After, the medication administration data 1108 of the medically-related event associated with the patient has been collected at step 1104, the handheld barcode reader facility 1110 may communicate via an electronic communication, the collected medication administration data 1108, to the computer 1112 which may represent any of the facilities depicted in FIG. 1 (e.g. prescription management facility 106, prescribing facility 154, outcome database module 124, and the like). In an embodiment of the invention, the electronic communication may be the Internet. Thereafter, at step 1114 the medication administration data 1108 and other information may be integrated automatically in real time with a data repository 1118. In an embodiment of the invention, the data repository 1118 may be the E-EHR of the patient. The step 1114 of integrating the medication administration data 1008 and other information may be accomplished by using the computer 1112. The step 1114 may further include using the computer 1112 to transform the raw medication administration data so that it can be integrated with the data repository 1118.

At step 1120, after the medication administration data 1108 has been integrated with the data repository 1118, the medication administration data 1108 may be displayed on a dashboard of a user interface to facilitate the management of health care administration for a facility. In an embodiment of the invention, the step 1120 may be accomplished by using a computer 1122. The computer 1112 may include: (a) an input data port to obtain the medication administration data 1108 from the data repository 1118, (b) a database for storing the obtained medical administration data 1108, (c) a Central Processing Unit (CPU) for processing the stored medical administration data 1108, and (d) a user interface to display the processed medication administration data 1108. The process ends at step 1124.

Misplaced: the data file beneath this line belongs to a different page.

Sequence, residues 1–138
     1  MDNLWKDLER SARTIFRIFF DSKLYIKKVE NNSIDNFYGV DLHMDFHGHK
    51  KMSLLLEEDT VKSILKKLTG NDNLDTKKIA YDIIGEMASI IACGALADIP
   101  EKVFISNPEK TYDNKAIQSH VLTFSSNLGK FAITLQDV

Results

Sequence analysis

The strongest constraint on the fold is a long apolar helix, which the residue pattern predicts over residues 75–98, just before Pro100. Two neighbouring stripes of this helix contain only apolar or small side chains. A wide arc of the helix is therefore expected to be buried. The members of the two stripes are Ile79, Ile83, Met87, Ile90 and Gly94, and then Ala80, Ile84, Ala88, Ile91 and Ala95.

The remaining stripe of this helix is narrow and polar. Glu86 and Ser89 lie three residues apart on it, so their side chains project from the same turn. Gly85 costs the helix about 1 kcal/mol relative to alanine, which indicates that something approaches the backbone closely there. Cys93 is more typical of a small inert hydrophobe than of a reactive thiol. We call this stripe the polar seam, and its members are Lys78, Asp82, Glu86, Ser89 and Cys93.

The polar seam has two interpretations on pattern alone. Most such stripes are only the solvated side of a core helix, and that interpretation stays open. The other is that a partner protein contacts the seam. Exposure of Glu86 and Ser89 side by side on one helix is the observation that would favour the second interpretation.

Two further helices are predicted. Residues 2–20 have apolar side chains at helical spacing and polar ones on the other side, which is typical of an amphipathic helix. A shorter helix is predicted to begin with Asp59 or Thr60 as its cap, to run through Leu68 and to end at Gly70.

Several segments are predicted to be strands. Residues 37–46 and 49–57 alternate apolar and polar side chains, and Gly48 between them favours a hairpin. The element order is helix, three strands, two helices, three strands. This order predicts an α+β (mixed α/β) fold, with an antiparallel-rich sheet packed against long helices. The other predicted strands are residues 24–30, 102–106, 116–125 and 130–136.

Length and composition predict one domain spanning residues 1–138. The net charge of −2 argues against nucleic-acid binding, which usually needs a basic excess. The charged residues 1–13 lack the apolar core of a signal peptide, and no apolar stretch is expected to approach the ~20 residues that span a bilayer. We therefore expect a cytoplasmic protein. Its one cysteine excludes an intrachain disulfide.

FIG. 12 illustrates a process and system 1200 for managing prescription and administration of a medication, in accordance with an embodiment of the invention. The process begins at step 1202. At step 1204, a database 1208 having information from a reporting source may be accessed. In an embodiment of the invention, the reporting source may include an automatic data collection facility for collecting medication administration data 1210 of a medically-related event in proximity to a patient upon the occurrence of the event such as those described herein. In embodiments, the automatic data collection facility may be a machine reader. In an embodiment of the invention, the machine reader may be a handheld barcode reader facility 1212. The handheld barcode reader facility 1212 may read the barcodes on the packaging of a dosage of medication and may be in electronic communication with the prescription administration facility (not shown in the FIG. 12). The medication administration data 1210 may be raw medication identification data that may be transformed to be suitable or used with a medication information database, or it may include the medication, time of administration, dosage, reaction data, and administration of a dosage of medication.

As described herein, additional data about the medically-related event (which in embodiments may be the medication administration data 1210) may be fed into a computer 1214. As an example, a caregiver might scan the coded information on a medication packet to initiate the process 1200. The coded information may be automatically read by the automatic data collection facility. The medication administration facility (110 in FIG. 1) may also prompt the user to enter other relevant data about the patient's current condition at the time of medication administration.